Interview: Alberta “Tar Sands” Environment Minister, Shannon Phillips

In this interview, conducted at COP21, the Minister for the Environment for the Province of Alberta, Shannon Phillips, demonstrates the difficulty facing policymakers in balancing what needs to be achieved for climate safety on a global scale, with the challenges of domestic policy in relation to local industries. It doesn’t help when those industries include the incredibly toxic and highly polluting Alberta tar sands.

Cash cow or burden to world safety?

The tar sands (“oil sands” in Canadian political speak) are a double edged sword for Canada. On the one hand they have been the back-bone of the economy that few Canadian’s would speak too loudly against. On the other they are besieged by collapsing oil prices that make them uneconomical and possibly even, a liability. Add to this endless campaigns by environmentalists highlighting the toxic impact on indigenous peoples lives and the wider impact on increasing global climate disruption.

01 tar sandsTar sands in Alberta Province, Canada Source: DeSmogBlog

"Canada is back?"

Shannon Phillips came to COP21 to spread the word that “Canada is back” along with the Canadian Minister for the Environment & Climate Change, Catherine McKenna. The main issue here is that neither can promise to end the tar sands extraction because they have been left no economic alternative by the previous Harper led administration. However, this may prove to be easier for these politicians than it appears in this interview.

Winds of Economic change

The collapsing price of oil in the markets may force a closure of the tar sands that is beyond the control of any politicians. There is no doubt that Canada is in for some tough times economically but with the growing attractiveness, price-wise, for non-polluting renewables, the transition may prove more rapid and more lucrative that previously anticipated.

It will take political courage to act now, while there is still time, to ensure that policies requiring new thinking are implemented before the spectre of the next elections make such plans more difficult to implement. 

We'll start a brave new world...

Shannon Phillips states on more than one occasion in this interview, “we haven’t built the new world yet!” Well no, but we are trying and Phillips could play a big part creating a momentous shift in thinking and action. 

ShannonPhillips TarSandsMinister still 

More posts by Nick Breeze

Addressing a wine industry on the frontline of climate change, Former President Obama said: “We are speeding our car towards the cliff at a very fast rate”. The audience and former president were invited to the launch of this new initiative by 326yr old port company CEO, Adrian Bridge, who is calling for solutions, saying “what we need to do is stop talking and start doing!” Nick Breeze reports.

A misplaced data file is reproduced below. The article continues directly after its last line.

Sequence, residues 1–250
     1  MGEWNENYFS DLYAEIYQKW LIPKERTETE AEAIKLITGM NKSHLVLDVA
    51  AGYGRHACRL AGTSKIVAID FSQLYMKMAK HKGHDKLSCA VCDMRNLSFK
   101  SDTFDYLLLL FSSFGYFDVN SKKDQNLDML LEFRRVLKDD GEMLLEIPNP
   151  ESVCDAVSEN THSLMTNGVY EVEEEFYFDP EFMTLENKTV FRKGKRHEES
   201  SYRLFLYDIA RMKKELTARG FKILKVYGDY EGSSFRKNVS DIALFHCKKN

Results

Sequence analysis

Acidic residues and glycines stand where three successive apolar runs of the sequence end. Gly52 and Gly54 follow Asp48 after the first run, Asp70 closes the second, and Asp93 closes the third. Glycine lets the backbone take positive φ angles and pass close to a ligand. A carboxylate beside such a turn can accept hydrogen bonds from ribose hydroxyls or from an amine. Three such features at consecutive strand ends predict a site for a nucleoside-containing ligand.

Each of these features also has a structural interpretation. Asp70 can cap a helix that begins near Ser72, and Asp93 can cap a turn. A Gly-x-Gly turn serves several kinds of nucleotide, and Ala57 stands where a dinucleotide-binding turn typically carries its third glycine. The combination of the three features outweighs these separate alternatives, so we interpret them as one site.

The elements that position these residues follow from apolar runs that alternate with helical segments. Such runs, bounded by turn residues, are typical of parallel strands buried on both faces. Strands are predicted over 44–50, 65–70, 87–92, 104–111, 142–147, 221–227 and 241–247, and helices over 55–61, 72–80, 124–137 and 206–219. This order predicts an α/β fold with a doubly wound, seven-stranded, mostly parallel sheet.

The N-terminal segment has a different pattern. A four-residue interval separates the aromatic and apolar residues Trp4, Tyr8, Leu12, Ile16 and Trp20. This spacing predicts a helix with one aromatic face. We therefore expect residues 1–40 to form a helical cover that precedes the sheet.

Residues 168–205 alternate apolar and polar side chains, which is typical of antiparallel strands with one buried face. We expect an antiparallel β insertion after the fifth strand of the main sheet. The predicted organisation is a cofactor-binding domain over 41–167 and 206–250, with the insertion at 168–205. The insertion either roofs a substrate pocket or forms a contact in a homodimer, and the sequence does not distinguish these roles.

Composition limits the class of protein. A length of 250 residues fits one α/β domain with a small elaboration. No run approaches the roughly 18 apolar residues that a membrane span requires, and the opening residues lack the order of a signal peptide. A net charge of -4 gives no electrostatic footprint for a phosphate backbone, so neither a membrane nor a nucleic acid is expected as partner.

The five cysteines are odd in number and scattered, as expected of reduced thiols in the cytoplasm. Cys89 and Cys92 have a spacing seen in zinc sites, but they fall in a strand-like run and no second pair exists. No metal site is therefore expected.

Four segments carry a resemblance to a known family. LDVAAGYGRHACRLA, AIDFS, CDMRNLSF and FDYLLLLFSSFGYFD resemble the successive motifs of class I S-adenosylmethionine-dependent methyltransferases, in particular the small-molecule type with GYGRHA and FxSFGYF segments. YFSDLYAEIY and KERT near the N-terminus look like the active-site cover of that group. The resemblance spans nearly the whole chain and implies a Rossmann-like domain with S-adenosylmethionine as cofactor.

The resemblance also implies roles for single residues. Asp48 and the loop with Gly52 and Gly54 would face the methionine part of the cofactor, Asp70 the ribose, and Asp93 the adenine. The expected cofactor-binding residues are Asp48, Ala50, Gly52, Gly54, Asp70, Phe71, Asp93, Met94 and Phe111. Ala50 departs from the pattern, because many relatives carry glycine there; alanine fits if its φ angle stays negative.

A three day hearing at the High Court is in process that will decide whether an injunction be granted, effectively preventing any campaigning that might negatively impact the economic interests of UKOG and their associated companies.

 

The Climate Change Act 10 years on: does it matter? Is it fit for purpose? Are our politicians fit for purpose? Chris Rapley speaks candidly about our preparedness for an ever-rising tide of climate impacts that are already having a disastrous effect on nearly all regions of the world.

 

The jet stream is responsible for what kind of weather we experience and it’s behaviour is changing. Dr Jennifer Francis, a research professor at Rutgers University's Institute of Marine and Coastal Sciences, explains how a combination of factors are going to drastically impact agricultural systems in Europe and Eurasia.

It is easy to look at the fires in southern Europe and think that “global warming” is a regional problem often on someone else doorstep. This misconception could not be further from the truth because the “global” bit refers only to global mean temperature. As scientists start to look at what is happening around the world, it becomes very clear that the interconnected global system is changing for all.

 

Dr. Saleemul Huq Director International Centre for Climate Change and Development (ICCCAD) at the Independent University, Bangladesh. In this short interview Dr Huq talks about his work and explains how those most vulnerable to the effects of manmade climate change are seeking recompense from the worlds greatest polluters.   

 

In 2014 Marks & Spencer became the only retailer in the world with carbon neutral operations. This huge undertaking across over 1400 stores has been rewarded with international recognition by the UNFCC winning Momentumn For Change award for carbon neutrality.